I would like to call HSBC a bunch of crooks or idiots but I think that should be up to the judiciary who will in time, I'm sure, be much more eloquent in its damning of the bank, and extract a fair amount of restitution for its beleaguered clients. Then there's the fine and punitive damages.....it would be fun to watch if it weren't for the fact that so many innocent bystanders were caught up in the frenzy of greed .     

4. Goldman Sachs. No self respecting list of Risk management bloopers should ever be  without an entry for the "Bank of Greed". Hardly has the dust settled over the $550 million settlement on 15th July 2010 of the SEC action alleging manipulation of the Sub Prime market in colusion with their pals at Paulsen & Co. that the august firm is back firmly in the headlines yet again. This time star trader Michael Swenson was uncovered as the thug identified in the 2007 manipulation of credit default swap prices for MBSs in an attempt - ultimately successful - of keeping the swaps prices low so that Goldmans could load up on insurance while betting against the securities.

"So what", you might say, "no big deal", just about what was expected of Goldman in the bad old days before the crash.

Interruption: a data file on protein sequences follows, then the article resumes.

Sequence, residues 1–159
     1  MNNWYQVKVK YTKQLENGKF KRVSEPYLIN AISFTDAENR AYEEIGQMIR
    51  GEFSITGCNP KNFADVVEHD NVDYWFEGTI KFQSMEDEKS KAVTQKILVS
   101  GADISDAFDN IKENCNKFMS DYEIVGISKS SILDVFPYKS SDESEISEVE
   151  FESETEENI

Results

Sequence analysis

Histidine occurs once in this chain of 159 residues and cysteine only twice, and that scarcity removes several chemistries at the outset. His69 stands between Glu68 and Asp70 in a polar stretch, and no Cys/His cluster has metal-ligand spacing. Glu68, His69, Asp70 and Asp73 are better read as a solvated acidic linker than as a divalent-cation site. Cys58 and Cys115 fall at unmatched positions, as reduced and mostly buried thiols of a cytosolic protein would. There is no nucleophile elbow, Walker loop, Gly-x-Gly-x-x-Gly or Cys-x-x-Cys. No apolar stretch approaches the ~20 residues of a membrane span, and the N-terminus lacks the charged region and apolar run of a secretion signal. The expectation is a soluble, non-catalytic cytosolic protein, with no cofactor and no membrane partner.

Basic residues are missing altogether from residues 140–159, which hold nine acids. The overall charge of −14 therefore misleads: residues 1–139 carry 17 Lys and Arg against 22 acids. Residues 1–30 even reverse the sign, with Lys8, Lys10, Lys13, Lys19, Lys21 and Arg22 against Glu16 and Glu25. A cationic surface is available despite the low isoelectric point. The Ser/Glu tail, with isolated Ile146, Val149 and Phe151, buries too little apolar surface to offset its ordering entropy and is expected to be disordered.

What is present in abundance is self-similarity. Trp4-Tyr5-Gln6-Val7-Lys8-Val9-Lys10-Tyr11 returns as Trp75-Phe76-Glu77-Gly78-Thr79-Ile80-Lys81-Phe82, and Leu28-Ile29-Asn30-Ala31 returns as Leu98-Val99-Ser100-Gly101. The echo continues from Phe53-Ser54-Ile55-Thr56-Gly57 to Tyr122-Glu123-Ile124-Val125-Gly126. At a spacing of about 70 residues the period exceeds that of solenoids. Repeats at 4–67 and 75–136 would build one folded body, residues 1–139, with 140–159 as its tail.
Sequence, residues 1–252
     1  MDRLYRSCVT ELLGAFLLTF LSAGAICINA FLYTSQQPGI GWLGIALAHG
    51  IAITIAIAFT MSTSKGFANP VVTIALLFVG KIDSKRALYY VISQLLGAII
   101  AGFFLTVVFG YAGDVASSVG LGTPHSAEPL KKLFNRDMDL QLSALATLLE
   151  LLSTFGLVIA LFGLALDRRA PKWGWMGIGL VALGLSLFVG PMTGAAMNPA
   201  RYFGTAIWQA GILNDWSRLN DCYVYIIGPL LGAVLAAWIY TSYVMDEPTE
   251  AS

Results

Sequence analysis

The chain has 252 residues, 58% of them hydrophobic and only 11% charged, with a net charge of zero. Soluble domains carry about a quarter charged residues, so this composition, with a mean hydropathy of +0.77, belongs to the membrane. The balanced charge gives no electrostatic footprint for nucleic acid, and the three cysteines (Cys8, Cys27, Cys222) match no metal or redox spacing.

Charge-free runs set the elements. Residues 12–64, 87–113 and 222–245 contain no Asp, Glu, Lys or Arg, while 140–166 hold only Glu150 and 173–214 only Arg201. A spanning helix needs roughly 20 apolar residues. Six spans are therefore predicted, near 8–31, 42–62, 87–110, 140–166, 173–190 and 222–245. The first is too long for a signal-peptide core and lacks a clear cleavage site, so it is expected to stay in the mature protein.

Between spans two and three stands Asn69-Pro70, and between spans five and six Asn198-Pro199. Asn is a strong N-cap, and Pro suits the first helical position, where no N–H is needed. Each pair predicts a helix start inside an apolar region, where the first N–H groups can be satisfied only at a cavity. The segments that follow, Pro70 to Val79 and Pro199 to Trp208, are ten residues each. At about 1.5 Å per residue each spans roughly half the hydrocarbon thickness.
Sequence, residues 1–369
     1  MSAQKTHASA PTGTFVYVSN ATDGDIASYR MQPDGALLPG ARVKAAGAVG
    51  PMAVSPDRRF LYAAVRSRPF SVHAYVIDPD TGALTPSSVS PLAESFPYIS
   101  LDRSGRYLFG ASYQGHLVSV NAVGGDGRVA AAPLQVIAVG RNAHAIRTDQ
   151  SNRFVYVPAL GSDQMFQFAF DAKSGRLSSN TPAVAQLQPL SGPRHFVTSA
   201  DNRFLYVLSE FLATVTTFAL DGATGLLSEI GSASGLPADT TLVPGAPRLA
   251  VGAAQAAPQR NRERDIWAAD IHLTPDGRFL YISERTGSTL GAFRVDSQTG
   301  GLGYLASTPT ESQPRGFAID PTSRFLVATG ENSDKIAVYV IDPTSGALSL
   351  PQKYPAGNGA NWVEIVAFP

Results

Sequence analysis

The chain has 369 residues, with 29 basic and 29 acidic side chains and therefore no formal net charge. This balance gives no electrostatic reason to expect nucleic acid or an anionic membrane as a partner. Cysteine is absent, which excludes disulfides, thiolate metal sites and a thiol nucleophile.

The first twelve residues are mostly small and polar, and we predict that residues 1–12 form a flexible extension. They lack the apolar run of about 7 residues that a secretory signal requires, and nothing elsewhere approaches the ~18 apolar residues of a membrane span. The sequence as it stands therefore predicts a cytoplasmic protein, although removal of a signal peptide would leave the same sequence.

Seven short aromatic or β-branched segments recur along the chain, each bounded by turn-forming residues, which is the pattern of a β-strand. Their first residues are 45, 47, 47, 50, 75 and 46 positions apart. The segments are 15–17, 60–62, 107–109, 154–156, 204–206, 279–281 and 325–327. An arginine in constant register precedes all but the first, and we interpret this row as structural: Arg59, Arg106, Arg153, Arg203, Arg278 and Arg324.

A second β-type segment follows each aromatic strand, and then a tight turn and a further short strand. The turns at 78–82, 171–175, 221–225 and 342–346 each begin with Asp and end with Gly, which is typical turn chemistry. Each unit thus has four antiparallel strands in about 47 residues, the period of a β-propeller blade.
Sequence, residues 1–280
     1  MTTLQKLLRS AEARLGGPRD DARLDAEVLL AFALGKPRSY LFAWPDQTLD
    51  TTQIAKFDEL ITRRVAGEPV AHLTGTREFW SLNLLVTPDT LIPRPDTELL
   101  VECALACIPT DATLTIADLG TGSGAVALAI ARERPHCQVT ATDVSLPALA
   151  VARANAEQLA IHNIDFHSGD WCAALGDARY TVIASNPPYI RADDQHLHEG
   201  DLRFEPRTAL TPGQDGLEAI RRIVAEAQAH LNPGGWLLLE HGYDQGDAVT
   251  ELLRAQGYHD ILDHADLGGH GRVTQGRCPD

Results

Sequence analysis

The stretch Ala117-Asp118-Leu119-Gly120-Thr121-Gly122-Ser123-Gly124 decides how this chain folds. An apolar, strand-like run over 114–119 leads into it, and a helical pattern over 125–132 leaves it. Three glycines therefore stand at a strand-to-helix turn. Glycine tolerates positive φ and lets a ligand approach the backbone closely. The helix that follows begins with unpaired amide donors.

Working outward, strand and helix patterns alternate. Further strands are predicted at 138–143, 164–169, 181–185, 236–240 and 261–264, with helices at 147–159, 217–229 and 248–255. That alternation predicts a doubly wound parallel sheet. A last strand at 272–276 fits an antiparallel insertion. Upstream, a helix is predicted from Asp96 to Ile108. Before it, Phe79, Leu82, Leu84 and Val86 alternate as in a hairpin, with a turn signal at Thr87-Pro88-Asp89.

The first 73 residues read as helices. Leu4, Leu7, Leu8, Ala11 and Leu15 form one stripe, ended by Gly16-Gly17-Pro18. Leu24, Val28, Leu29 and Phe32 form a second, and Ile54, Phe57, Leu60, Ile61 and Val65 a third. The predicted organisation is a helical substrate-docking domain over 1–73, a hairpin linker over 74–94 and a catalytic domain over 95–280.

Yeah, absolutely, but with a slight difference and implication for the future. You see, most mortals usually have a consequence to pay for patently unacceptable practices that earn the distain of regulators, scorn of the public and distaste of the markets. Not so at Goldmans apparently.

The fact is that the July 2010 settlement was made with no admission of guilt on behalf on Goldman (sorry guys but  $550 million of 'innocence' just doesnt cut it!). The revelations of Mr Swenson's disgusting behaviour (you have to read the emails!)  didnt exactly hurt him. Still firmly ensconced as Managing Director of the structured Products group at Goldmans, Mr Swenson apparently enjoys the full support of his employers.

Goldams official response to the uncovering of Mr Swensons activities during the Financial Markets crisis congressional hearing last Wednesday 8th December 2010.....

“This type of language sounds awful and is very disappointing, but it does not reflect the reality of what happened. There was no short squeeze.”

So Goldman, what do you about the awful and disappointing bit? Same as the Paulsen deal, same as Lloyd Blankfeins response to the Wall Street pay revelations? 

"Contrition, contrition, contrition......then wait, hold breath, hold a little longer, problem goes away. Stupid public has no retentive memory, it will be ok." May be that isnt quite verbatim from the Goldman Sachs operations manual, but i will bet that is pretty close!

And yeah, we are pretty stupid, us members of the public. But one day, just one day, you will make us just mad enough about your belief that a few moments of contrition can overcome any act of financial chicanery that someone is going to come and drag you all you from your towers and put you where you belong ...in jail